Asian Americans have also had a drastic change in public perceptions over the years. For example, the celebrated Dr. Seuss supported Japanese American internment and created propaganda in its favor(Guo). These leads many to wonder about Asian American citizens enigmatic rise to a more respected position and what was the cost of these new stereotypes(Ocampo et. al,683). Stereotypes of East Asians, including the model minority stereotype, have a complex history and lead to negative effects both in education,socially, and in the workplace.
This source shows a enormous social problem since people are suffering by being forced to mine silver to support the flow of silver towards china, which enriches spain at the cost of other people. In addition, the author of this document criticizing the practices of his own nation is significant because he acknowledges that there is a real problem in his own nation in the exploitation of people in america's; otherwise he would not be expressing his nation in such
Hollywood is unfair and pernicious in its portrayal of Asians, the research shows time and again. Stereotypical and often contradictory characteristics are imposed on Asians. There are clear indications that such media characterizations are reinforcing misperceptions that are manifesting in real life as everything from covert discrimination to unabashed racism. Stereotypes have very real consequences for Asians living in the West in terms of day-to-day interaction, current events and governmental legislation. Upwardly mobile Asians find themselves hitting glass ceilings and earning far less than their white counterparts due to preconceived notions about their temperament, lack of trustworthiness, innovation and poor leadership abilities.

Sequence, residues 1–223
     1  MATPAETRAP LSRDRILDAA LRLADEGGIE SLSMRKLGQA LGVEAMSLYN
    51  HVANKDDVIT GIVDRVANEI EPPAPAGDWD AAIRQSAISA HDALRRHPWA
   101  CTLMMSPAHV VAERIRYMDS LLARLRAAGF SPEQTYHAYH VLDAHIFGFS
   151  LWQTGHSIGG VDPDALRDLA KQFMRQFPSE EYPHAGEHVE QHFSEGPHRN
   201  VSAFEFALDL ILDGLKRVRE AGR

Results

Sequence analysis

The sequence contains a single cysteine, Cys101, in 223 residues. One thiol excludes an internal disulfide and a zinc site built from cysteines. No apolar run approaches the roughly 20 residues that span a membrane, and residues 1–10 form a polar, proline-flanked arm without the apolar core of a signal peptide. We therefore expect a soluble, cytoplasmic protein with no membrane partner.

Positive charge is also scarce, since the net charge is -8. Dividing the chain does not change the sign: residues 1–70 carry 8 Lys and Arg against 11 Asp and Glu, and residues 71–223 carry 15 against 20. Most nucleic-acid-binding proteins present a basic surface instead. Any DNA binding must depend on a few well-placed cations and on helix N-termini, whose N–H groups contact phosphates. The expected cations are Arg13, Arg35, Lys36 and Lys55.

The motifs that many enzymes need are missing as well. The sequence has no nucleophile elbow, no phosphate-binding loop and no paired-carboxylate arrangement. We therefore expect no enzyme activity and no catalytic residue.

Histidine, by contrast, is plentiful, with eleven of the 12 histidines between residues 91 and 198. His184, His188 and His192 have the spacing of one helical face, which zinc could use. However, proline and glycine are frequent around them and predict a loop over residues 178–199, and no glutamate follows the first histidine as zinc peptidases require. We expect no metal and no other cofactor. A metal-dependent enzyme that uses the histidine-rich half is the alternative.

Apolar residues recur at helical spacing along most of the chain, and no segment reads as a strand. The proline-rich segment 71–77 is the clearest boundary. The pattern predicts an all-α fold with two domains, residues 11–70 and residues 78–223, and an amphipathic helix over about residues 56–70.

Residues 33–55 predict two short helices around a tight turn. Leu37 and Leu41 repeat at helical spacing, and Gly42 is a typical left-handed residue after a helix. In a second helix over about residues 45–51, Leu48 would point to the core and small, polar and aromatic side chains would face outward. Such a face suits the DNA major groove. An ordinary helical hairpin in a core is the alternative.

For example, the scene when the interrogators asked plethora of trivial questions to the Chinese newcomers were extremely infuriating because it was a no-win situation for them. I think documentaries like this one are extremely important for us, Americans, to reflect on the shameful moments
However, Tang Ao unfortunately runs into the Land of Women and is taken in as prisoner. The reason why he is captured is likely because he is a Chinese immigrant. Chinese immigrants at the time were being mistreated in America because of anti-Chinese sentiment in the 1800s (“Chinese Exclusion Acts”). This story symbolically foreshadows the injustices and cruelty that the Chinese immigrants had to face in America. Tang Ao’s journey shows his path to the American Dream was a struggle, and his destiny was unexpected.
Guam being the small American territory that is it, is faced with major economic and infrastructural set backs due to the influx of foreign settlers. The strain is not only felt by the economy or resources, but it is felt by its people. Taxpayers are forced to pay for the welfare and schooling for many of these immigrants, some of who are illegal aliens. Taxes must also be spent on reduced housing, nutrition assistance programs: supplemental nutrition assistance program (SNAP) and special programs for women, infants, and children (WIC); which heavily strains the economy. Due to this, residents of Guam have started to place a negative attitude to immigrants, blaming all problems on it: such as crime, poverty, overpopulation, pollution, and many